It fluttered around the room for a while then landed on her computer screen. It knocked against the glass hectically for a few seconds before coming to rest. To her tired eyes the aimless creature had seemed an indication of her own state: without centre and subject to random influences. No, it hadn’t. She didn’t actually register this affinity between the moth’s behaviour and her own constant distractedness. She was twelve, not self-obsessively construing her surroundings as metaphors for who she was or how she was feeling. Her brain was not conscious of its own developmental challenges (more precisely an impaired frontal lobe), and it certainly didn’t perceive its immediate environment as some sort of belletristic mirror to its own functional faults.
The sight of the moth had nonetheless inspired her to pause playback. It looked almost translucent against the frozen frame from Maze Runner 2: The Scorch Trials, the cranked up glow from her screen bleeding through its brittle frame. She squeezed her eyes shut and covered them with her palms. Her hands were cold. A window was ajar and the temperature of the room was below what was comfortable for passive viewing in short sleeves. Put on sweater, she thought to herself, but remained motionless, palms pressed to her face, for maybe a minute. When she finally removed her hands her vision was blurred from the slight pressure she had applied. For a few seconds a discrete liquid pane separated her from the fuzzy-edged world of her bedroom. The moth hadn’t moved.
Once, when she was smaller, she had crushed one in her hands. The moth had literally crumbled and turned to dust, as if it was only a magic trick, something not really alive. She pictured a wizard now hiding behind her bed conjuring small beasts from the dust that had gathered there. The image was dumb, but it had the affective quality of a nightmare. Concentrating she could hear his tense whisper, barely audible over the fan noise from the computer in her lap. Unintelligible, arcane words spilling into the air of her bedroom. If she continued to feed the fantasy forming in her head she knew that she would be seized by an irrational fear and be unable to move. She was already a borderline catatonic, just to fetch the sweater hanging on a chair’s back only a few feet way seemed impossible. Not even the basic need for warmth was sufficient incentive to inspire physical action.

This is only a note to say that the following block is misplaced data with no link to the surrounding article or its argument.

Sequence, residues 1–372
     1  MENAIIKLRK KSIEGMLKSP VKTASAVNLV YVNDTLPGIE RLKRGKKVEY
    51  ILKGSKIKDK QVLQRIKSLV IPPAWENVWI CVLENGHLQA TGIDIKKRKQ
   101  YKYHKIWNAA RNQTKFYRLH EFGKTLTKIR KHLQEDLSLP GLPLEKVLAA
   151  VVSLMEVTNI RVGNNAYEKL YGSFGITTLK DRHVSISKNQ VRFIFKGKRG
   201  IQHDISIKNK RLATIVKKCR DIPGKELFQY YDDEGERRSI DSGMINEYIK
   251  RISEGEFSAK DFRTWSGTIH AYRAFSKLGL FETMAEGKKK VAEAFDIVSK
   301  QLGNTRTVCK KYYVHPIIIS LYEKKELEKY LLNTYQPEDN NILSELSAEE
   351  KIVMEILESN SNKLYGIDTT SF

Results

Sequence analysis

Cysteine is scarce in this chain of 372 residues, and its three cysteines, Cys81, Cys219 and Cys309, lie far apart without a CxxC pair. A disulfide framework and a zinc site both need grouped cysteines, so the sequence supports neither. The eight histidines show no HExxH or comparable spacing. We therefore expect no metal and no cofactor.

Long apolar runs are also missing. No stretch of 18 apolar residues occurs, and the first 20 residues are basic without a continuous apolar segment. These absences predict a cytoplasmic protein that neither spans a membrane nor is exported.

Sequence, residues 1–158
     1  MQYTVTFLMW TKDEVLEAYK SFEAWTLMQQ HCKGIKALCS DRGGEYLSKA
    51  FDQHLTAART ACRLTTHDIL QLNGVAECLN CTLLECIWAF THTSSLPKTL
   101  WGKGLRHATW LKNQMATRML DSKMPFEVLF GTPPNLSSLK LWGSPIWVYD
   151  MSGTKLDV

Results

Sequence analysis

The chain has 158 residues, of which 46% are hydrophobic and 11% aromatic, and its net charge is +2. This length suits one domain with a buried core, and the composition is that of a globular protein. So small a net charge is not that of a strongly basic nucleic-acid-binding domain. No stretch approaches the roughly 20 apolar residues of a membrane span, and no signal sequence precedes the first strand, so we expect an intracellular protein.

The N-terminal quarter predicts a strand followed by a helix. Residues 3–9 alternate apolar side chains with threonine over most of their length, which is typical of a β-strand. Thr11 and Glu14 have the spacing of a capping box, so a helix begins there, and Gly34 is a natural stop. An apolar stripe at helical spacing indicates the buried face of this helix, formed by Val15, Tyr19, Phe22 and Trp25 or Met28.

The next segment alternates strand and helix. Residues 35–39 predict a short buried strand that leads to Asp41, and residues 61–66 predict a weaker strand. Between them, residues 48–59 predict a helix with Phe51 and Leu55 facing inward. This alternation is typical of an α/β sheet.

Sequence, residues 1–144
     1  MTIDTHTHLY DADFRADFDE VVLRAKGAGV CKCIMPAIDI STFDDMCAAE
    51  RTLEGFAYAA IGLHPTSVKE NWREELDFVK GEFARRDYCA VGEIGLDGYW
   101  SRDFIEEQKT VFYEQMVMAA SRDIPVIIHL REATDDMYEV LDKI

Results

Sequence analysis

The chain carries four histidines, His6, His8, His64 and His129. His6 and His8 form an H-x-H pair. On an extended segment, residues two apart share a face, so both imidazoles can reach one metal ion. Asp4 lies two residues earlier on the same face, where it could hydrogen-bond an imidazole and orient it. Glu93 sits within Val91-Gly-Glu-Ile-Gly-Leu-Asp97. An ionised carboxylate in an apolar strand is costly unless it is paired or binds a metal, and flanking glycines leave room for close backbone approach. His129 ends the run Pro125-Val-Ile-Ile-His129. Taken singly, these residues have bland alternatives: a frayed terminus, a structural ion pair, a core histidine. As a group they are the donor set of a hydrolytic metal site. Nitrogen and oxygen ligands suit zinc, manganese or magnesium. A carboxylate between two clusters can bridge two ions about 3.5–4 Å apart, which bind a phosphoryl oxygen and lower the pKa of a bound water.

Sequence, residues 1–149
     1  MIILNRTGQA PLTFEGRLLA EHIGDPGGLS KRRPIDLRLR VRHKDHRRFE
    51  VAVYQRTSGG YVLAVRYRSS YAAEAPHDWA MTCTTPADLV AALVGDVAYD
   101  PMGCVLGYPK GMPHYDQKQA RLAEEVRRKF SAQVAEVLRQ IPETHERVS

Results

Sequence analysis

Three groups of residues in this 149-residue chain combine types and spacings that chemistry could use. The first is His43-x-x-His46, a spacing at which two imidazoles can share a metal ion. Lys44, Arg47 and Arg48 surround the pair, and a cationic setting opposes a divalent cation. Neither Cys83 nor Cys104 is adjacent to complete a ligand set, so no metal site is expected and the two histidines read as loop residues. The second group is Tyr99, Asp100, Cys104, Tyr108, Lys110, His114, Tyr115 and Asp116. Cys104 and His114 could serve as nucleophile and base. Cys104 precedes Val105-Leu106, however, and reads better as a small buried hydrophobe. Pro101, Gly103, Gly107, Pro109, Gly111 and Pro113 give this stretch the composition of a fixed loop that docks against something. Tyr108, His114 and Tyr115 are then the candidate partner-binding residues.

Conscious but immoveable, like she too was strung to an animator crouching in the shadows, but who had lost interest, shifted his attention to other things. The slightest impact and she would tumble to dust. With her finger she touched the moth’s wings and registered a brief tingle like a tiny electrical shock as it jolted to life. It took off, but was only airborn for a moment before returning to settle in more or less the same spot. Meanwhile she had hit space. The story began rolling again, dogged kids in hoodies roaming a deserted world, rabid zombies and vicious corporations on their trail, her insides fired back up.
– Stian Gabrielsen
Saman Kamyab lives and works in Oslo and Brussels. He has studied at Bergen National Academy of Arts and Piet Zwart Institute of Fine Art, Rotterdam. His work has been presented in various institutions, among others, Malmö Konsthall; Exile Gallery, Berlin; Landings Projects, Vestfossen, Norway.
Kindly supported by Office for Contemporary Art Norway
WIELS Project Room
16.04 – 24.04.2016
Tuesday – Sunday, 14:00 – 18:00
Opening: 15.04.2016, 18:00 – 21:00